Ringing in the Holidays: Black Friday Edition!

Black Friday brings a lot of not so flattering imagery to mind, from shoppers pushing each other out of the way in Wal-Mart aisles to lines of people camped out outside stores and lines of traffic stymied on the highway. Black Friday has become a quasi-holiday of sorts, mainly because it is an American tradition that dates all the way back to the 1930s. Yes, that far back.

Regarded as the beginning of the Christmas shopping season (again, ‘quasi-season’), retailers began opening their stores a bit earlier the day after Thanksgiving back in the 1930s. Today, some major retailers will open right after Thanksgiving dinner, or midnight–or other hours no one should be out shopping–offering promotional sales to those who are obviously not suffering from a tryptophan induced turkey coma, and who are thus able to storm out into the night for the deal of a lifetime.

Supposedly the cognomen “Black Friday” originated in the 1960s in Philadelphia, where people used the term to describe the abundant foot traffic and cluttered streets. I rather like to imagine that it’s perhaps more fitting today; people whisking out into the dark night, stalking up and down aisles and preparing to battle other predacious consumers over that new X-Box or flat screen TV. If you think that’s a dramatic depiction of Black Friday, keep in mind that seven people have died on this day since 2006, and there have been about 98 injuries associated with the Black Friday shopping madness.

Entertaining history digression aside, Black Friday is the biggest shopping day of the year, which means that as an author with a book to sell, it is not a day to sit back and relax. So, what can you do to rake in some of the Black Friday business?

black friday holiday

First of all, BIG discounts are all the rage on Black Friday. Offering your book for an extremely cheap rate will assuredly promote ‘impulse’ buys from people who might otherwise have considered giving your book a chance. While you don’t always want to offer your book out for an extremely low price, doing so on this particular day could be beneficial for gaining new readers!

Another thing to consider: 99 cent or free ebook editions of your book can gain you free advertising on free or bargain ebook sites. These sites will want to feature your book when it is discounted, and that feature will be free advertising for you, before people even buy your book! Notify these sites when you discount your book, and try to line it up with Black Friday; snag online shoppers who are looking for a deal or to try something new!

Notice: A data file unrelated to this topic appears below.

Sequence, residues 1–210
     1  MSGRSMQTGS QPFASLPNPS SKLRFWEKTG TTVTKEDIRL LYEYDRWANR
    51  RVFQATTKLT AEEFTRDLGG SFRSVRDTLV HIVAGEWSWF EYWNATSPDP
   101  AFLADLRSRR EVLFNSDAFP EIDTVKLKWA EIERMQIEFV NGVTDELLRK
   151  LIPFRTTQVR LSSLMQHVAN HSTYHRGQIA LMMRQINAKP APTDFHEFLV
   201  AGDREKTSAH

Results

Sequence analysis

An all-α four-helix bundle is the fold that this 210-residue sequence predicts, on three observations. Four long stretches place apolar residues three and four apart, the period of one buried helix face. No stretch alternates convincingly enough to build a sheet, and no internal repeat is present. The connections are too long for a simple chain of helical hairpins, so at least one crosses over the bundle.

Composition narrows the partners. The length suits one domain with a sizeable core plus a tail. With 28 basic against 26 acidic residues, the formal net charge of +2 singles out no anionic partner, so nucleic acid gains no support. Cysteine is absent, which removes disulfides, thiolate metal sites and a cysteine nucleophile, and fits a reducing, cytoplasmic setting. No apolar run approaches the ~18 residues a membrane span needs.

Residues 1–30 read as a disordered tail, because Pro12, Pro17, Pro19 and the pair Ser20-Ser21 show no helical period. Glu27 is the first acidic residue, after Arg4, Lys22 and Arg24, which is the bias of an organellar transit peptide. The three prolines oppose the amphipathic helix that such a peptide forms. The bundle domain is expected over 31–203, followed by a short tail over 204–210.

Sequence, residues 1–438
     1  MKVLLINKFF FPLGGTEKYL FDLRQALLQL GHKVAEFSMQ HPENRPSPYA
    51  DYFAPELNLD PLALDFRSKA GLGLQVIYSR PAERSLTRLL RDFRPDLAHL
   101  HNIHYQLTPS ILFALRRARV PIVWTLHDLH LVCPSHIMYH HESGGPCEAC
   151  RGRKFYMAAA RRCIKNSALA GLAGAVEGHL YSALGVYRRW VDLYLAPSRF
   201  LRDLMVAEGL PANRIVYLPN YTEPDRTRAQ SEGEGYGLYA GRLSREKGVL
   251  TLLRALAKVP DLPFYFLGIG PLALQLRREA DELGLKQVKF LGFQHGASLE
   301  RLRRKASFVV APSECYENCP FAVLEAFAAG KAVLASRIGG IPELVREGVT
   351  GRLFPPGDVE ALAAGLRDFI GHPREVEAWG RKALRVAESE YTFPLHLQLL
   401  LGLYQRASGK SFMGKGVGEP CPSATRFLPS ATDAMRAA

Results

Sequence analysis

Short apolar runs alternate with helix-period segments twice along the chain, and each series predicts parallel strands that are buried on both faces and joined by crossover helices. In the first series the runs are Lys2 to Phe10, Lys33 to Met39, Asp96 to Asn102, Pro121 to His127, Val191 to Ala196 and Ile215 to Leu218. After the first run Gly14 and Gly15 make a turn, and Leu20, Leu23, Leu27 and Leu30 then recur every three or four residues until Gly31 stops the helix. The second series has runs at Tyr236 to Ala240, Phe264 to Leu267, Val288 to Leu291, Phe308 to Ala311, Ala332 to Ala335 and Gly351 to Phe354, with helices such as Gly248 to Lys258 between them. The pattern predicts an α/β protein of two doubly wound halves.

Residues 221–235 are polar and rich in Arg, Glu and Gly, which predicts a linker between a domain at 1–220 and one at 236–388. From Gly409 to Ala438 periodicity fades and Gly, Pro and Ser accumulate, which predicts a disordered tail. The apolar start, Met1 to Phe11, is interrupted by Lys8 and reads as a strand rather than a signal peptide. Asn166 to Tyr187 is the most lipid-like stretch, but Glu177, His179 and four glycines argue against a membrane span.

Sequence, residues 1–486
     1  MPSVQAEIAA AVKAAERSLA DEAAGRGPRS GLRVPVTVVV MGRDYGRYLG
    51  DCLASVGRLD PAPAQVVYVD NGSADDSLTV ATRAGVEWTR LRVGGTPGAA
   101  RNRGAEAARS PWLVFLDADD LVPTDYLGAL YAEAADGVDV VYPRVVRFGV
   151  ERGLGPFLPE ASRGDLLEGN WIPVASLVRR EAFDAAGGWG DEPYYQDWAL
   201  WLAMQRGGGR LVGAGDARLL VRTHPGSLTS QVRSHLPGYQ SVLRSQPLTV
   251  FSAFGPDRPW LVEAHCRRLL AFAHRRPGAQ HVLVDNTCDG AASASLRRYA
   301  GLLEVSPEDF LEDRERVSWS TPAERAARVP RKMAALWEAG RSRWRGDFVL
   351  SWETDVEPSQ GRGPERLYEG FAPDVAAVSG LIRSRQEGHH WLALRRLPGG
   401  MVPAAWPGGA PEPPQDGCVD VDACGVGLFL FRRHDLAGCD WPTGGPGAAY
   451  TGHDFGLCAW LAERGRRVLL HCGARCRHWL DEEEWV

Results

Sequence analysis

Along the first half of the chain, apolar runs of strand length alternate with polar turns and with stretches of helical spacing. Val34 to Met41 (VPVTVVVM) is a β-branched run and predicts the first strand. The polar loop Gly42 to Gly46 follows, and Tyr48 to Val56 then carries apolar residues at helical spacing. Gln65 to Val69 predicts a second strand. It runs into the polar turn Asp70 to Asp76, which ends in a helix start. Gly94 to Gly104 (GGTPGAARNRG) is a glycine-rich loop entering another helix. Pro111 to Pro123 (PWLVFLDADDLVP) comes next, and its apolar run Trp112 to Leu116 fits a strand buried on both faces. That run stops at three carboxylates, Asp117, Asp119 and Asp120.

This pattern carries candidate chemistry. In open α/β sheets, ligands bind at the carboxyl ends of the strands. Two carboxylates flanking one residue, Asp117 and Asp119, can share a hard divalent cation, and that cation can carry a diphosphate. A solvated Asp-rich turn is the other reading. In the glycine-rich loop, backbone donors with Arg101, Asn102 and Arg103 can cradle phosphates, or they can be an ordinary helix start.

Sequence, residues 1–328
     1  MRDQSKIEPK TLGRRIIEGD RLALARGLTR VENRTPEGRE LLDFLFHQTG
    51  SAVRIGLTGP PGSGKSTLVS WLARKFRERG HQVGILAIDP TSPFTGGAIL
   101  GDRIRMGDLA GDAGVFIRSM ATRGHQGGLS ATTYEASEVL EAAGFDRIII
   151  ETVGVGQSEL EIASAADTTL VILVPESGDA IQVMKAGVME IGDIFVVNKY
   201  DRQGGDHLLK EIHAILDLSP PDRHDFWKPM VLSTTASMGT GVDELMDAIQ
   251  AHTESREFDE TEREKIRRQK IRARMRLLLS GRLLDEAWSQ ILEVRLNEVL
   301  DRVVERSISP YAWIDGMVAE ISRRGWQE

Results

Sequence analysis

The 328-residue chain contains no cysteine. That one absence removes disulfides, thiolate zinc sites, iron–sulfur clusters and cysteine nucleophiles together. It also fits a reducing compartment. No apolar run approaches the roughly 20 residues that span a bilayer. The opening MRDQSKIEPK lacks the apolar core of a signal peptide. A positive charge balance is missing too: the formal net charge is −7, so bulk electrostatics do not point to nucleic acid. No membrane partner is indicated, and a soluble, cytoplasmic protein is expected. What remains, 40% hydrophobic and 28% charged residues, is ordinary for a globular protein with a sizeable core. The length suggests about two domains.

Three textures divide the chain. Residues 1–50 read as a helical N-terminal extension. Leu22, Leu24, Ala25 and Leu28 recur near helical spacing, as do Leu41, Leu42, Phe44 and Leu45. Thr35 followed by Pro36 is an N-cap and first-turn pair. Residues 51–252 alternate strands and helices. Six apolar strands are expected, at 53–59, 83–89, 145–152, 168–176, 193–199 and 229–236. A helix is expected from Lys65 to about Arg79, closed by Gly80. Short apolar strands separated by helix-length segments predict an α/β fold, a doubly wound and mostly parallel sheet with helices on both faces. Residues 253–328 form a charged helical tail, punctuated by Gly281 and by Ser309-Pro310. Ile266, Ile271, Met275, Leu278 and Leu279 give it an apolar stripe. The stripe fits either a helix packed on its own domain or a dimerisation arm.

Collaborating with other others who have books similar to yours is also a great way expand your marketing efforts. When you combine promotional efforts, this means that their audience becomes your potential audience! It’s a, ‘You scratch my authorial back, and I’ll scratch yours,’ kind of thing. The best thing about this collaboration is that you will enhance your network for book marketing in general, which obviously expands well beyond Black Friday!

So, whether or not you see yourself armed with pepper spray for self-defense as you go out to buy the new iPhone 10–or whatever number they’re on now–just remember that before Black Friday, there’s a lot you can be doing to market your book. More importantly, none of those things require the bravery and fortitude it must take for someone to actually go shopping on that day.


Thank you for reading!  If you have any questions, comments, suggestions, or contributions, please use the comment field below or drop us a line at selfpublishingadvice@gmail.com.  And remember to check back each Wednesday for your weekly dose of marketing musings from one indie, hybrid, and self-published author to another. ♠


Kelly

ABOUT KELLY SCHUKNECHT: Kelly Schuknecht is the Executive Vice President of Outskirts Press. In addition to her contributions to the Outskirts Press blog at blog.outskirtspress.com, Kelly and a group of talented marketing experts offer book marketing services, support, and products to not only published Outskirts Press authors, but to all authors and professionals who are interested in marketing their books and/or careers. Learn more about Kelly on her blog, kellyschuknecht.com